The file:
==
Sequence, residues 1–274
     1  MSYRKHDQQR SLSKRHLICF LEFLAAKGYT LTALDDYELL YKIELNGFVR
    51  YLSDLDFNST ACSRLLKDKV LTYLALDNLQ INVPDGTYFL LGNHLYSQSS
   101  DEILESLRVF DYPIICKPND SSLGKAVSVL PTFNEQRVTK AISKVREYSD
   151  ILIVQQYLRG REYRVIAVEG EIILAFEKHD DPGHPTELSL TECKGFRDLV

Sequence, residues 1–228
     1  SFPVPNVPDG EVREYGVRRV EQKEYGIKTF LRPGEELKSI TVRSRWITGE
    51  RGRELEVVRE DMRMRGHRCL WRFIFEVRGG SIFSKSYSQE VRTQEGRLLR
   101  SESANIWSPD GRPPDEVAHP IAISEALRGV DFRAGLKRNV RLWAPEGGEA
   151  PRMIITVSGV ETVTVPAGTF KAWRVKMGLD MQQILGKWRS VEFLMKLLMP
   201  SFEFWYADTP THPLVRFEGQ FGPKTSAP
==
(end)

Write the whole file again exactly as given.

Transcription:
Sequence, residues 1–274
     1  MSYRKHDQQR SLSKRHLICF LEFLAAKGYT LTALDDYELL YKIELNGFVR
    51  YLSDLDFNST ACSRLLKDKV LTYLALDNLQ INVPDGTYFL LGNHLYSQSS
   101  DEILESLRVF DYPIICKPND SSLGKAVSVL PTFNEQRVTK AISKVREYSD
   151  ILIVQQYLRG REYRVIAVEG EIILAFEKHD DPGHPTELSL TECKGFRDLV

Sequence, residues 1–228
     1  SFPVPNVPDG EVREYGVRRV EQKEYGIKTF LRPGEELKSI TVRSRWITGE
    51  RGRELEVVRE DMRMRGHRCL WRFIFEVRGG SIFSKSYSQE VRTQEGRLLR
   101  SESANIWSPD GRPPDEVAHP IAISEALRGV DFRAGLKRNV RLWAPEGGEA
   151  PRMIITVSGV ETVTVPAGTF KAWRVKMGLD MQQILGKWRS VEFLMKLLMP
   201  SFEFWYADTP THPLVRFEGQ FGPKTSAP